For Advent 2020, we are following the themes in the book Honest Advent as we think about the gifts we can give Jesus in celebration of his birthday. As we saw in the previous post, in Week 1, we are giving him the gift of our vulnerability. To understand what vulnerability looks like, and how we can give Jesus the gift of our vulnerability, we’re going to take a look at Jesus’ encounters with four people.
To read about the first one, open a Bible to John 3:1-10.
There we meet Nicodemus who is a member of one of Israel’s religious ruling parties called the Pharisees. Nicodemus is very curious about Jesus, and wants to have a private meeting with Jesus under cover of night. Why at night? Because of the track record of the Pharisees interaction with Jesus. The relationship was not good. Normally the air between Jesus and the Pharisees was ice cold because the Pharisees were constantly trying to trip Jesus up so they could accuse him of blasphemy or treachery. They were super jealous of Jesus’ popularity, and wanted to take him down. What was worse was that Jesus would confront them, point out their hypocrisy, and he always got the upper hand in their debates with him. So they hated him.
But not all of them. Some Pharisees were curious, like Nicodemus. He thought there was something genuine, something different about Jesus, and Nicodemus’ wondered if his Pharisee buddies were wrong about this guy. But there’s no way Nicodemus was going to risk his reputation by challenging his friends directly, or by getting sighted in public with Jesus. So a covert meeting is what it will take for Nicodemus to have a real conversation with Jesus.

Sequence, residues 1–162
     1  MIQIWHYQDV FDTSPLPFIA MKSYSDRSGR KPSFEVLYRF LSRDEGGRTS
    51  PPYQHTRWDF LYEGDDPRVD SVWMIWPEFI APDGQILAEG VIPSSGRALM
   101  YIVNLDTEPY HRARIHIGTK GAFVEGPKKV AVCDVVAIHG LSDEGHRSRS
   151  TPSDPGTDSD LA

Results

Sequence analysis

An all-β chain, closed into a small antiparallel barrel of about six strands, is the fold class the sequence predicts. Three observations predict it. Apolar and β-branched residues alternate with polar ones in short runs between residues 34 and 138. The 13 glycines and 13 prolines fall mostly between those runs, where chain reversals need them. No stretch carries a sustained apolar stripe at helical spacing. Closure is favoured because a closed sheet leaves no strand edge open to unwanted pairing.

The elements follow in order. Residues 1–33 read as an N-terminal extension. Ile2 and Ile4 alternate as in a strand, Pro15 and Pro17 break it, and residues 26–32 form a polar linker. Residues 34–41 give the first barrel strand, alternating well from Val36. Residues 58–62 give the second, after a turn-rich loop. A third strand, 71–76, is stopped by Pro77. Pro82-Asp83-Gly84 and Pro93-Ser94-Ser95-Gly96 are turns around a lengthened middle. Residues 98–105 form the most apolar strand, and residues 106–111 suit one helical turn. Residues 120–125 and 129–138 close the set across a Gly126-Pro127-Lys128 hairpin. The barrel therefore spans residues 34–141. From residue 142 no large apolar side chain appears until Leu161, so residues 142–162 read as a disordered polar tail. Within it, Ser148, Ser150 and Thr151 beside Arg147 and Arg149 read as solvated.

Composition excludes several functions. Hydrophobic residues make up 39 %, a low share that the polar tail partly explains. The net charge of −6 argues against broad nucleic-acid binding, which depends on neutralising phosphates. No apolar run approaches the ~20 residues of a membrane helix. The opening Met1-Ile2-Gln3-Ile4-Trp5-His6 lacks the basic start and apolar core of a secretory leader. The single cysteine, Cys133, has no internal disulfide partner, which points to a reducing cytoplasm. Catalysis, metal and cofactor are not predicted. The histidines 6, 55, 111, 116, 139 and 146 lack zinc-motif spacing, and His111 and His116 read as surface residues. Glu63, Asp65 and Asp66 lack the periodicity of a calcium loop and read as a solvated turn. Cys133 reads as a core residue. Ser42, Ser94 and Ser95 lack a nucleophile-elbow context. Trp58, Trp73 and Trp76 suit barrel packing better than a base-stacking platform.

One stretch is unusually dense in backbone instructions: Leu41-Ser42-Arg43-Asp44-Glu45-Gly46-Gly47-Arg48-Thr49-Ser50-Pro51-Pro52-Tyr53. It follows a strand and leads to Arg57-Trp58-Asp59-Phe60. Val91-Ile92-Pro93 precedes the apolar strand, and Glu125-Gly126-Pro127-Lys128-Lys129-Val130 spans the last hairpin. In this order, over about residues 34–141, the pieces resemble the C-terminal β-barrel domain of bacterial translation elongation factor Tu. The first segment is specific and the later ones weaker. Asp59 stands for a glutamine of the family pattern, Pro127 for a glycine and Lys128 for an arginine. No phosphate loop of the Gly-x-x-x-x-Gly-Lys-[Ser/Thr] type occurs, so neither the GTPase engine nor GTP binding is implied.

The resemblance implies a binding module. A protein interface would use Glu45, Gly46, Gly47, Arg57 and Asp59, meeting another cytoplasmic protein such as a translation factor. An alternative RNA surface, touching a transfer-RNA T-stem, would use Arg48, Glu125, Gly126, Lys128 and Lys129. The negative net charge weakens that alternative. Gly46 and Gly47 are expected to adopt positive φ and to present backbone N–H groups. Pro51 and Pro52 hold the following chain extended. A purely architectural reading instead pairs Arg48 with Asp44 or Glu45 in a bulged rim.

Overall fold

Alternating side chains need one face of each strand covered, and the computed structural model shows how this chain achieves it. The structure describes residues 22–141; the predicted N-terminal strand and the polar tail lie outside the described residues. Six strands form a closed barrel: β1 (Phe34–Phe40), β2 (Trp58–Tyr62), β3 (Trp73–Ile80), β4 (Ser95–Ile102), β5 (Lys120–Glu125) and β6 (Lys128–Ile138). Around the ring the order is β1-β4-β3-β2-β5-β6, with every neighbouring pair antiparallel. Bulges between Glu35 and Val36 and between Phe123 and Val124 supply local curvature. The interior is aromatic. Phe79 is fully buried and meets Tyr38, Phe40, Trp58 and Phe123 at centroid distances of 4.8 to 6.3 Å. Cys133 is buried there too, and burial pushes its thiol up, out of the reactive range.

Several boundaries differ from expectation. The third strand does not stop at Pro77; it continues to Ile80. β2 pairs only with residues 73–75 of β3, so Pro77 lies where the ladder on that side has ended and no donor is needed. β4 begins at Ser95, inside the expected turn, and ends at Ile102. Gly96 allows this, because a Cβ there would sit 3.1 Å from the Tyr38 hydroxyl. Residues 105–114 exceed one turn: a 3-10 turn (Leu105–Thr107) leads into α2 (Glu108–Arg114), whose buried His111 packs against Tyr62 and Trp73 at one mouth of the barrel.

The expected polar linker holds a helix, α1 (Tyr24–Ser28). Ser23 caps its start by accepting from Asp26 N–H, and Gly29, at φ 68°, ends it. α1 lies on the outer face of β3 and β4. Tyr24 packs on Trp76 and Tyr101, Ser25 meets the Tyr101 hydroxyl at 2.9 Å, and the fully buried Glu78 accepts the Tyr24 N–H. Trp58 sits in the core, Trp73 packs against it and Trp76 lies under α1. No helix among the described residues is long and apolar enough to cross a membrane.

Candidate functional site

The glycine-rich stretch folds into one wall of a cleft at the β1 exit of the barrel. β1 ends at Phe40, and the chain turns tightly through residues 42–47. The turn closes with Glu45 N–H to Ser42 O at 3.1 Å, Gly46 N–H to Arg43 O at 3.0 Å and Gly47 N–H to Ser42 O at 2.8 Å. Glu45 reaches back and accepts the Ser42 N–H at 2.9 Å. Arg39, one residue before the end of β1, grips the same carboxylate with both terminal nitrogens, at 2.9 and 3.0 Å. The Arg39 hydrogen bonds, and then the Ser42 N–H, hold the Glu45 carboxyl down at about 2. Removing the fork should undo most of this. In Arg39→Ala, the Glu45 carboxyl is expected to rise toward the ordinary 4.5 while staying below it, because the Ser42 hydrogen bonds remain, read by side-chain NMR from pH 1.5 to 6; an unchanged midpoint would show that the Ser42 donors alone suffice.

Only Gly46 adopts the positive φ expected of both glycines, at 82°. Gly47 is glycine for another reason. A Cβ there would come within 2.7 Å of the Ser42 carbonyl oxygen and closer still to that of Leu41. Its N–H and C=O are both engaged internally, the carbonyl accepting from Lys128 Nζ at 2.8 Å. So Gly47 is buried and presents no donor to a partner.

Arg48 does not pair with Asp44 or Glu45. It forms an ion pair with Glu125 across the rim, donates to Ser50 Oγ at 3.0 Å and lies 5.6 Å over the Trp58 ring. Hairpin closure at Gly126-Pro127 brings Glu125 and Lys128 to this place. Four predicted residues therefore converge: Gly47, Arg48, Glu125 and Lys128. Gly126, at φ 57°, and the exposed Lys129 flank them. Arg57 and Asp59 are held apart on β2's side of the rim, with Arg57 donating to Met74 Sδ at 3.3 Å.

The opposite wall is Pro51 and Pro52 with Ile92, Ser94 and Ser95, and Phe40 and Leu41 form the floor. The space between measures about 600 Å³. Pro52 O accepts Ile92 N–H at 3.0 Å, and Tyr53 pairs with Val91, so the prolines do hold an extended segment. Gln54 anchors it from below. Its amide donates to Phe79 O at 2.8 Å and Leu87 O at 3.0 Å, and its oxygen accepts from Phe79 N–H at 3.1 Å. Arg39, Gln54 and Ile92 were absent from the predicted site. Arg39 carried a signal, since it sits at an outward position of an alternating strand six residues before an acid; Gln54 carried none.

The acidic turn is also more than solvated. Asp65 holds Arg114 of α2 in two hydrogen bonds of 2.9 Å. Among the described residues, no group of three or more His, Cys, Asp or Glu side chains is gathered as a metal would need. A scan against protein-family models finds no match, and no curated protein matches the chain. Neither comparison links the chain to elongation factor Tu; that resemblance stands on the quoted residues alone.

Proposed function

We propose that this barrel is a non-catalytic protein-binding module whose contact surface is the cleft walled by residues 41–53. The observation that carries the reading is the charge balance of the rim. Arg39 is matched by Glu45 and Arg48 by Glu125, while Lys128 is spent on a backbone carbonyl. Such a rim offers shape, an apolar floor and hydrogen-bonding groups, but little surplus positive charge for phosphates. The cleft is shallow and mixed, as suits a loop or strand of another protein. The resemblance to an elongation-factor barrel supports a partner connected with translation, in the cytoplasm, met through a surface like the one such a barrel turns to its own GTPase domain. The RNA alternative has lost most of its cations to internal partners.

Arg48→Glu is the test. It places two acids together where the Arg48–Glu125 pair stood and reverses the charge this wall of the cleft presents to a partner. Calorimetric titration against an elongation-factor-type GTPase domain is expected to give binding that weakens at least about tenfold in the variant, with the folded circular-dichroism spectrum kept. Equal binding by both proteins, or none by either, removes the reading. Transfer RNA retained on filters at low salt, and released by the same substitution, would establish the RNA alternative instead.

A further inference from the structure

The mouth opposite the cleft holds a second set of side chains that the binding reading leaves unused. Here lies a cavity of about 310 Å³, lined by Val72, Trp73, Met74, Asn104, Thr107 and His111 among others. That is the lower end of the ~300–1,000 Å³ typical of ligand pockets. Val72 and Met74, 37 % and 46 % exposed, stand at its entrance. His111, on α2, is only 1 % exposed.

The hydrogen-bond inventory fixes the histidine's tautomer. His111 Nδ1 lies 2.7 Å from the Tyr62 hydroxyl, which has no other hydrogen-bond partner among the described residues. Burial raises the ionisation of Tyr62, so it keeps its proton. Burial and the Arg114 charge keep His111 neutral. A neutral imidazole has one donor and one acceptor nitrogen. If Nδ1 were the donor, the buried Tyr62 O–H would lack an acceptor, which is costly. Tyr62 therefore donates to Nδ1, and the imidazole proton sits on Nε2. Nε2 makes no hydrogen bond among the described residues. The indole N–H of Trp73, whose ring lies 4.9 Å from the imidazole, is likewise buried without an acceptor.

The conversation is…well…weird. Jesus is characteristically mysterious, teaching in parables and metaphors, talking about people being born a second time, pushing Nicodemus to think deeply and figuratively. Pushing Nicodemus outside the box of the typical religious thought of the day.
You know what Nicodemus says? “I don’t get it”. “I don’t understand.”
Those are amazing words coming from him. Nicodemus is a Pharisee! That means he went through years of biblical and theological training. He is a scholar. In that society of first-century Palestine, think about how upside-down this is. The peasant turned prophet, Jesus, is schooling the Bible professor, Nicodemus. Look at verse 10 where Jesus boldly says to Nicodemus, “You’re Israel’s teacher, and do you not understand these things?” That’s a burn. Many people would hear that and start seething angrily inside, thinking “This peon is trying to make fun of me? No way!” Many people would shoot back at Jesus with a burn of their own and walk out of there. Even if they truly didn’t understand Jesus.
But rather than be embarrassed, rather than save face, rather than get angry, Nicodemus is an example for us of vulnerability. No matter if think we are spiritually advanced and biblically literate, we need to be vulnerable before God. We need to be teachable, remembering that we don’t have him all figured out. There is always more to learn. And we should take the posture of learners! Are you showing vulnerability by being a learner? What a gift that is to the people you interact with. What a gift that is to Jesus.